CORNWALL, Ontario – Parents on both sides of a heated debate concerning the consumption of peanut-free products at area schools are digging in their heels.
This week the Upper Canada District School Board sent a missive to parents, directing them to avoid packing lunches and snacks that may contain products that are meant to mimic the taste of things like peanut butter – but are in fact soy-based.
Kerry Van Allen, parent of a son and daughter at Rothwell-Osnabruck School, received the message, but she’s got another one for the school board – she’s sending the lunches anyway.
“I know of kids that have been taking this stuff to school for the last year, and there’s never been a problem,” said Van Allen, whose son was targeted by school officials this week when he brought a WOWButter and jam sandwich to school.
Van Allen concedes the board policy on peanut-products is fairly clear and she is abiding by it.
“I would never knowingly send a peanut product to school,” she said.
The problem is board policy does not cover soy-based products – which taste like peanut butter but are nut-free. Some manufacturers also include stickers parents can affix to lunch bags which detail the fact that their product is nut-free.
The issue exploded online, including the school board’s Facebook page where parents from both camps ripped into each other – so much so that board officials had to post a warning to remain civil.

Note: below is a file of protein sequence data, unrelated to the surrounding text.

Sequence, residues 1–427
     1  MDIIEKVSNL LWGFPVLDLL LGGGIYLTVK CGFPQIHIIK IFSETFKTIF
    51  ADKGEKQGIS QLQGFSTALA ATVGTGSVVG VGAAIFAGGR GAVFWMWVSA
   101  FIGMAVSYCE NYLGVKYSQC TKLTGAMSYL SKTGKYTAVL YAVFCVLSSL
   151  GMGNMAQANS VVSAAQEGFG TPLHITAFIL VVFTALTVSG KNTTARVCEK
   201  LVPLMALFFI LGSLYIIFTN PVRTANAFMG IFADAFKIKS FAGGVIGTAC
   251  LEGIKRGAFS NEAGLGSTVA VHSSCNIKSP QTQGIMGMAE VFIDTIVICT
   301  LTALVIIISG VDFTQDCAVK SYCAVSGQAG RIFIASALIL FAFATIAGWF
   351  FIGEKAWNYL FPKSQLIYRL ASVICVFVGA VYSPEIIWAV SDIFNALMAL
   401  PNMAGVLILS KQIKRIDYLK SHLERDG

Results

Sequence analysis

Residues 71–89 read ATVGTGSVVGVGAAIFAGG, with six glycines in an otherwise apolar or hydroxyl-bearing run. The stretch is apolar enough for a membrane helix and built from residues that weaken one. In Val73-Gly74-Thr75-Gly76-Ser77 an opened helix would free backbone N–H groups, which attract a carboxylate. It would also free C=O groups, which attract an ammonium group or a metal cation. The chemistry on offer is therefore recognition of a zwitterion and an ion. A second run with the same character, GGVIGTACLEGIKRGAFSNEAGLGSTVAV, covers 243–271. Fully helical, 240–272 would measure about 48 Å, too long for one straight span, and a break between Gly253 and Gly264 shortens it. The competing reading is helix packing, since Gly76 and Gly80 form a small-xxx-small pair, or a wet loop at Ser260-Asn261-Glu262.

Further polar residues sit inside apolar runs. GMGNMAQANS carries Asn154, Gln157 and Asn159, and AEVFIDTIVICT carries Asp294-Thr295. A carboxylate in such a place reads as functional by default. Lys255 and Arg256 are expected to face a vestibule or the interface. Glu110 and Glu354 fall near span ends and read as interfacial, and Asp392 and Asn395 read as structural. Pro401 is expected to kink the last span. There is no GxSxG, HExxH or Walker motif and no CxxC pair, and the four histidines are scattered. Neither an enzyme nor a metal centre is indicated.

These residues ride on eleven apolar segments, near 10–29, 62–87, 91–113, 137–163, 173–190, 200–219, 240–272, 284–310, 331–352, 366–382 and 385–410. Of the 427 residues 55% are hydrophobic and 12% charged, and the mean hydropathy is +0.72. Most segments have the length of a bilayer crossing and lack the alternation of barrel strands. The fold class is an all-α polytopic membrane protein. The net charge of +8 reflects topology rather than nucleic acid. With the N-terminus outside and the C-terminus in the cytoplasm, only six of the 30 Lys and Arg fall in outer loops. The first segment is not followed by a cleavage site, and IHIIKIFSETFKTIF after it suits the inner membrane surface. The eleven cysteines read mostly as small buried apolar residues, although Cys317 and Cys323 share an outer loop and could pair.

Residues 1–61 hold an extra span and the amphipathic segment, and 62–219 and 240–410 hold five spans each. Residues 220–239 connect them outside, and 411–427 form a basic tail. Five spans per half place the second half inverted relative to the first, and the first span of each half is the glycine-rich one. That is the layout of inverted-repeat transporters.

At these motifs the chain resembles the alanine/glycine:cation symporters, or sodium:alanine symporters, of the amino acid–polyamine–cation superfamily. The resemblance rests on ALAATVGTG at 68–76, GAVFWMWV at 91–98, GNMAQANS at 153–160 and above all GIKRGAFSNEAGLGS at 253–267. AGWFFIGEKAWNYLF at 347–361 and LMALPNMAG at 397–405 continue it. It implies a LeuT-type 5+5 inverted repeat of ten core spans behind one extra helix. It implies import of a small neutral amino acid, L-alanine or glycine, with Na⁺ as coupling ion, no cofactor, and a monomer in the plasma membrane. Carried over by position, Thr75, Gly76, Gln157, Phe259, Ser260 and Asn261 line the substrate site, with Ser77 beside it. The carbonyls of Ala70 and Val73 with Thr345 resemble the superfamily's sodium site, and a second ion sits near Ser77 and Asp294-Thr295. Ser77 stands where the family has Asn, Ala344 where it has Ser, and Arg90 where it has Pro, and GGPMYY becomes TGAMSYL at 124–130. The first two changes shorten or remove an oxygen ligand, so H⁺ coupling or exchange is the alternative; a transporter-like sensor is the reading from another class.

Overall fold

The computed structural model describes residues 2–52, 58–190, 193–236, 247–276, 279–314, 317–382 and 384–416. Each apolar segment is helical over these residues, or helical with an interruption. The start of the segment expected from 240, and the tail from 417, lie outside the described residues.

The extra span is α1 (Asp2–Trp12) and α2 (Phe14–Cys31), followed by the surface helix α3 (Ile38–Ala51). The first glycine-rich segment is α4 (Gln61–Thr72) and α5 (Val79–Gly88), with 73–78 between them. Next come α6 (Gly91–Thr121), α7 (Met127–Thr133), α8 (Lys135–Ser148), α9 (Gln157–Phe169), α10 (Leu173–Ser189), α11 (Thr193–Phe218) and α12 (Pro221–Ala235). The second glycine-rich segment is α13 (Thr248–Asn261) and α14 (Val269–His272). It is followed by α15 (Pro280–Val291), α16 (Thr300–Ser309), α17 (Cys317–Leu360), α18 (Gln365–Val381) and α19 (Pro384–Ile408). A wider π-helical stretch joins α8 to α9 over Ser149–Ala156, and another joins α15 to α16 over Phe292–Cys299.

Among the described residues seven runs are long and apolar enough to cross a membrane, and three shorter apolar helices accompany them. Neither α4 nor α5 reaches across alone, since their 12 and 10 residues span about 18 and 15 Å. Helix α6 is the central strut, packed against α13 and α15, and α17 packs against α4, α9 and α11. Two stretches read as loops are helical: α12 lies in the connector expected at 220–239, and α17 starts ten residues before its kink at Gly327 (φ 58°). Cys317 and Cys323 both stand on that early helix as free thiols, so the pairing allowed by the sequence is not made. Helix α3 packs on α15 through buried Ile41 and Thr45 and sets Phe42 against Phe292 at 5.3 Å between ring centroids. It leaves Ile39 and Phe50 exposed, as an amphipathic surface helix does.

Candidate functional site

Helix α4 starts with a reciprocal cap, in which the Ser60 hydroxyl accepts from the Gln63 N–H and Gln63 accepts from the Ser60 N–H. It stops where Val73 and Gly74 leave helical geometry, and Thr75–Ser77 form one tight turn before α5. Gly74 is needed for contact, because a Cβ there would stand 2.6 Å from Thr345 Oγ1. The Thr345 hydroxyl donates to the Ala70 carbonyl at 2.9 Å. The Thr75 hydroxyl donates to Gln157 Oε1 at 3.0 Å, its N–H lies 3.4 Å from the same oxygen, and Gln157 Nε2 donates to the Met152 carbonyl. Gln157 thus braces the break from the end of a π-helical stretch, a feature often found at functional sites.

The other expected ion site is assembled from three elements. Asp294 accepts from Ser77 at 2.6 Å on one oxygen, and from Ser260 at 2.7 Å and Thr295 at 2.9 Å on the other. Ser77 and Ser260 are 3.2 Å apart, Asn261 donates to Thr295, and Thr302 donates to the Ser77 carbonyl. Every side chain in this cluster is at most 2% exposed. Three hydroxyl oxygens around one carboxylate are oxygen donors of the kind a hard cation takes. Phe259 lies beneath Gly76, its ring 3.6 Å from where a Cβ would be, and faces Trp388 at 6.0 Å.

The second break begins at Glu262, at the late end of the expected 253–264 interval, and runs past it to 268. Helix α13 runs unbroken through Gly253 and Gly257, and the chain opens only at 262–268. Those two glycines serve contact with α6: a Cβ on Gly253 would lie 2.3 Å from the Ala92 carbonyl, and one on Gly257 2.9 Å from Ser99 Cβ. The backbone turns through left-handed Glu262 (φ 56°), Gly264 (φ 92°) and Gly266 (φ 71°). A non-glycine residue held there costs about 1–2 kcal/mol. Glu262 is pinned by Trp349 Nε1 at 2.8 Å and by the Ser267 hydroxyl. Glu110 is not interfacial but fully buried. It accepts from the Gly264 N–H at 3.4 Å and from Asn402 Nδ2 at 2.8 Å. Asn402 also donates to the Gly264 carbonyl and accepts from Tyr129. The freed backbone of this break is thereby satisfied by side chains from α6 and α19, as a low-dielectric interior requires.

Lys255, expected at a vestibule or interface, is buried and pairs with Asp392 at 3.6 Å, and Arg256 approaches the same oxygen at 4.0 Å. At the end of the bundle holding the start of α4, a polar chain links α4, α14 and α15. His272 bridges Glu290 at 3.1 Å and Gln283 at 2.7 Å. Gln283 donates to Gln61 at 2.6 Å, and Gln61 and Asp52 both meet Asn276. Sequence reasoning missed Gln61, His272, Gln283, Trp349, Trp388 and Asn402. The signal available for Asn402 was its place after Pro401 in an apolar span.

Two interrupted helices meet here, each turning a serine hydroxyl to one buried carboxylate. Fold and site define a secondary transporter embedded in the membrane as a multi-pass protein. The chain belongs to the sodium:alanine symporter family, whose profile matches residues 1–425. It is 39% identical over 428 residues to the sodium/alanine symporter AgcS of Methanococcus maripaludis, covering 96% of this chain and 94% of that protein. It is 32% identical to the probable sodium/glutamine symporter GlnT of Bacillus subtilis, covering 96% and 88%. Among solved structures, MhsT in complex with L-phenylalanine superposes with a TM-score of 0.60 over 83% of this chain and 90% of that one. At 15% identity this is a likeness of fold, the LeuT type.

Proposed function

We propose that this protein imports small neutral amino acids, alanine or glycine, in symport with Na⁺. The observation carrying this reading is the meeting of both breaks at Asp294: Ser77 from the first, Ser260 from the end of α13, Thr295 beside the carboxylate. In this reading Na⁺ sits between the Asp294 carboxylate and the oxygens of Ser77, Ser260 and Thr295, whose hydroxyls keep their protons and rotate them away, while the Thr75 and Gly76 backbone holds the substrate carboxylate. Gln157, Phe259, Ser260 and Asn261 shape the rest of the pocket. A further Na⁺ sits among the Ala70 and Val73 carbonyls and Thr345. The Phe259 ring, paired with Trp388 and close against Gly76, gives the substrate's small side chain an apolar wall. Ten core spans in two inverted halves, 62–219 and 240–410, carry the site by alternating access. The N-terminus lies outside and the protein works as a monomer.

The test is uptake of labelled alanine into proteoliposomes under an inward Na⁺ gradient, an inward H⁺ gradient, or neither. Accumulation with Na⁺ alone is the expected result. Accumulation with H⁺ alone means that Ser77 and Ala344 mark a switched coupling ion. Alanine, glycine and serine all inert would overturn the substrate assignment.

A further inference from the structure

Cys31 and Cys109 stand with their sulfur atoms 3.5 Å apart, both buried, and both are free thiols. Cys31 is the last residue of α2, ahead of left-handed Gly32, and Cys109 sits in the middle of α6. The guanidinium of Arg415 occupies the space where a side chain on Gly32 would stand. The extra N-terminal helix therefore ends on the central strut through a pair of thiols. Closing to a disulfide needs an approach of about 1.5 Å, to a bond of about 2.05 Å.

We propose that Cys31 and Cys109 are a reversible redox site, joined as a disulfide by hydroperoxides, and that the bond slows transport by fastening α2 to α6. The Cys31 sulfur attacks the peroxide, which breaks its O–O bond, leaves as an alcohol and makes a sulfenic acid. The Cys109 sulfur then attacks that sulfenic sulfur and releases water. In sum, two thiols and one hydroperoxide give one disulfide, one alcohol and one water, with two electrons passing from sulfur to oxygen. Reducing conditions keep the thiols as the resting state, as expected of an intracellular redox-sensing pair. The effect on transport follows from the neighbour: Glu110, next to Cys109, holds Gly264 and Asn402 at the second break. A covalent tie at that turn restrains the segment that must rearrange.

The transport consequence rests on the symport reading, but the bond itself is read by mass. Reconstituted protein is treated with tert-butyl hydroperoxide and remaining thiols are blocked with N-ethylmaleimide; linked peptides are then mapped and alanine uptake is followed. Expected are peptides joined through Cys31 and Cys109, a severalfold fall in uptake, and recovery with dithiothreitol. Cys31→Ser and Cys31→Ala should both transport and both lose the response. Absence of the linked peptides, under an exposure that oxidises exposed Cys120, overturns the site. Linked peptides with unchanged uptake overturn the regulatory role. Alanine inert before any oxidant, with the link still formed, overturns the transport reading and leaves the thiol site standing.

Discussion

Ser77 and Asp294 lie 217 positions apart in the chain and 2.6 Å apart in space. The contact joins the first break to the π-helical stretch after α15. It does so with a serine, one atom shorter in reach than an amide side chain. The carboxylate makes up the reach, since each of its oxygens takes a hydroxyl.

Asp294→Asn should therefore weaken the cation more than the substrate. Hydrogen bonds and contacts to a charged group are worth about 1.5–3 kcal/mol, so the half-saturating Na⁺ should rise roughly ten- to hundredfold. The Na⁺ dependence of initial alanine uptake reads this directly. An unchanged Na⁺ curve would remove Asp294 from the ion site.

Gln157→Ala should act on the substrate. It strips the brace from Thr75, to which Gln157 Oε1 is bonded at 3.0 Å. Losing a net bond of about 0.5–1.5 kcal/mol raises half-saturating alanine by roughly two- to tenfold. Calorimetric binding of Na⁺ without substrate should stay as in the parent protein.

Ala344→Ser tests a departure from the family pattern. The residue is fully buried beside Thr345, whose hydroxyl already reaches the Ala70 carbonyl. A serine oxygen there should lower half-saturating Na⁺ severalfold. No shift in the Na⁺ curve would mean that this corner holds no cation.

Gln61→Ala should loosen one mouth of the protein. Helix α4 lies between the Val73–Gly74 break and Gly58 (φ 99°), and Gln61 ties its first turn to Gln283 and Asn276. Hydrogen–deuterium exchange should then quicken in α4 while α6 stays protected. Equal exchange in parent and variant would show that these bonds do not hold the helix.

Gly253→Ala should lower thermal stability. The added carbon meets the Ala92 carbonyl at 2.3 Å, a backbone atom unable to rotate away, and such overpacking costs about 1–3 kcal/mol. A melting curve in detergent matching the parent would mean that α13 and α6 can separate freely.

“We appreciate that making lunches for our children can be difficult,” the board said on Facebook. “We ask you to respect our character values in your postings. We respect your opinions. Please be respectful in the expression of those opinions.”
But many parents, including those in support of banning the product at school, maintained their position.
“My child is one of many affected by life threatening food allergies. Creating a safe environment for her to learn in is no different than providing a child in a wheelchair with a ramp,” parent Stacey Phillips posted on the board’s Facebook page. “Have empathy and know it is not a lifestyle choice.”
Some have suggested the smell alone that some peanut-free products produce can be enough to illicit an allergic response in some.
But WOWButter takes issue with that on its website: “It will not affect anyone with strictly a peanut and/or nut allergy who smells, ingests or contacts this product.”
Van Allen’s son had to eat his lunch, alone, in the office, but that won’t stop her from packing the same lunch in the future.
“I’m going to continue to send it,” said Van Allen, adding she did just that this week and her son was allowed to eat in the classroom with his friends.
But that led to a phone call to Van Allen from his teacher – and within hours of that the board got involved and began circulating its nut policies by way of letters home, and social media.
“They can’t tell me what I can and can’t send because I am abiding by the rules,” said Van Allen.
If the board continues to place her son in the office when he brings a WOWButter sandwich to school, Van Allen said she will be upset.
“That opens up a whole other can of worms for me,” she said.
School board officials weren’t immediately available for comment.